Political Campaign Communication in the Information Age: Some Difficulties With Basic Concepts

Political Campaign Communication in the Information Age: Some Difficulties With Basic Concepts

Norbert Merkovity (University of Szeged, Hungary)
Copyright: © 2020 |Pages: 15
DOI: 10.4018/978-1-7998-0377-5.ch010

Abstract

According to scholars, the use of mediatization could be understood as communicative representation of politicians. From this perspective, the concept of mediatization in politics is not an automatism, it is a functional principle of media, more preferably the social media. To understand this activity of politicians on social media, the online attributes of broadcasting media could be conceptualized as self-mediatization of politics. The chapter will look through some of the most used concepts in political communication that aim to interpret the communicative nature of politicians in online campaigns. The used communication techniques on social media set the focus of analysis on the insufficiency of above-mentioned concepts). Besides presenting the main difficulties of basic concepts, this chapter aims to introduce the phenomenon of attention-based politics as a possible solution to research on political campaign communication in information era.
Chapter Preview
Top

Ecosystem Of The Online Environment

The works on the ecosystem of online campaigns, internet tools, and social networking sites often include studies on shares, likes, contacts, information exchanges, online activism, etc., and naturally on the effects of communication. Early developments of this were written in a positivist attitude because the first ‘communities' worked based on direct electronic democracy.1 The Millennium years changed this attitude towards the internet and online communities, also the aspect had changed how people use the online communities, moreover the web 2.0. The so-called dark side of the internet emerged too and became visible in research, for instance the terrorists' networks (Maréchal, 2017; Orenstein & Kelemen, 2017), the supposed intervention attempts of Russian crackers in the American presidential elections and the Brexit referendum in 2016 (Bessi & Ferrara, 2016; Narayanan et al., 2017), hate speech (Ross et al., 2016), and the spreading of fake news (Allcott & Gentzkow, 2017; Berkowitz & Schwartz, 2016) could be mentioned here. The list can be well expanded until it gets to the users who, for example, are also able to challenge the positivist perception by deliberately insulting other users (Cheng et al., 2017; Pongó, 2016. The fair warning of these studies is that the communicational environment has changed in the past decades, and this kind of situation influences the everyday life of people. The real question is whether there is a noticeable effect in their behavior, could it still describe by the impact of the earlier mediums?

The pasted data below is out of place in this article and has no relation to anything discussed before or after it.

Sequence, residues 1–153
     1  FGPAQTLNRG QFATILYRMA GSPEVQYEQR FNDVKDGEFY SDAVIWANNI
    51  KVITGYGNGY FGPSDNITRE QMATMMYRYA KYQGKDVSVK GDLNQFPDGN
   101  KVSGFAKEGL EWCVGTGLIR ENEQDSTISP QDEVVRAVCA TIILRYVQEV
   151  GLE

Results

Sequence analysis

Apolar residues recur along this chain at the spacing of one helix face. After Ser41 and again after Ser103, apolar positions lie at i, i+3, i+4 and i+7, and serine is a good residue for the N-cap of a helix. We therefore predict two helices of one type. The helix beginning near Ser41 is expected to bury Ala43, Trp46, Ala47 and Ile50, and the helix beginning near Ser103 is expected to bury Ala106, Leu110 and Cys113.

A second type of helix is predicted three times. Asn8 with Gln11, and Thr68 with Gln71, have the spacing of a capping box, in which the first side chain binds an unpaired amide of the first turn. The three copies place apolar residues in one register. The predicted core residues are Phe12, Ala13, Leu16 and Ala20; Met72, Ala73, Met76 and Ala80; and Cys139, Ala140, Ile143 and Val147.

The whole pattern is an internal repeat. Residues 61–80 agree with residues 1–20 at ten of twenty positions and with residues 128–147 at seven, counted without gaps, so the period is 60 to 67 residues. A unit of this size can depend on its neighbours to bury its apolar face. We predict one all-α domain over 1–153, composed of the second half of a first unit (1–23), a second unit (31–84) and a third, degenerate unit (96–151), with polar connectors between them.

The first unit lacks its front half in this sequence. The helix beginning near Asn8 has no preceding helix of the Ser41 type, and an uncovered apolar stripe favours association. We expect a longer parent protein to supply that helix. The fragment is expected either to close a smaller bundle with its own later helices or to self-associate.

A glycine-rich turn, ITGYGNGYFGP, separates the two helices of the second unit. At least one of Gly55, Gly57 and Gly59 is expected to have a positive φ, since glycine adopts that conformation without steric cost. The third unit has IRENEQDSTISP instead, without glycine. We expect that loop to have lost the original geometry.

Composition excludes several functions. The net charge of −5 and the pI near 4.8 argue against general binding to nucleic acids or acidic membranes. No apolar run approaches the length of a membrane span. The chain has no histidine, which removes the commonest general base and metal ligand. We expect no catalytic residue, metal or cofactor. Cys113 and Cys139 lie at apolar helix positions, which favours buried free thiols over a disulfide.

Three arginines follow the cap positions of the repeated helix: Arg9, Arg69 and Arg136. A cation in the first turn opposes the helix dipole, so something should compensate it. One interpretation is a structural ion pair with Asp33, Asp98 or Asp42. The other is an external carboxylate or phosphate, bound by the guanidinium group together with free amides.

Key Terms in this Chapter

Interactivity: On new ICTs, it has three forms: user-to-system, user-to-user, and user-to-document interactivity.

Politicians, Representatives: In democracies, they are usually directly elected by the people.

Broadcast Media: Traditional media with an editorial that has links to ‘new' media (part of hybrid media).

Mediatization: In the world of politics, it refers to politicians' strategic use of broadcast and social media.

Attention-Based Politics: Refers to the situation where the nature of the struggle for the attention of voters changes.

Self-Mediatization: “Self-initiated stage-management”.

Interaction: It can represent the interaction between humans and computers, or the cooperation of computers with each other.

Political Communication: Role of communication in the political process.

Complete Chapter List

Search this Book:
Reset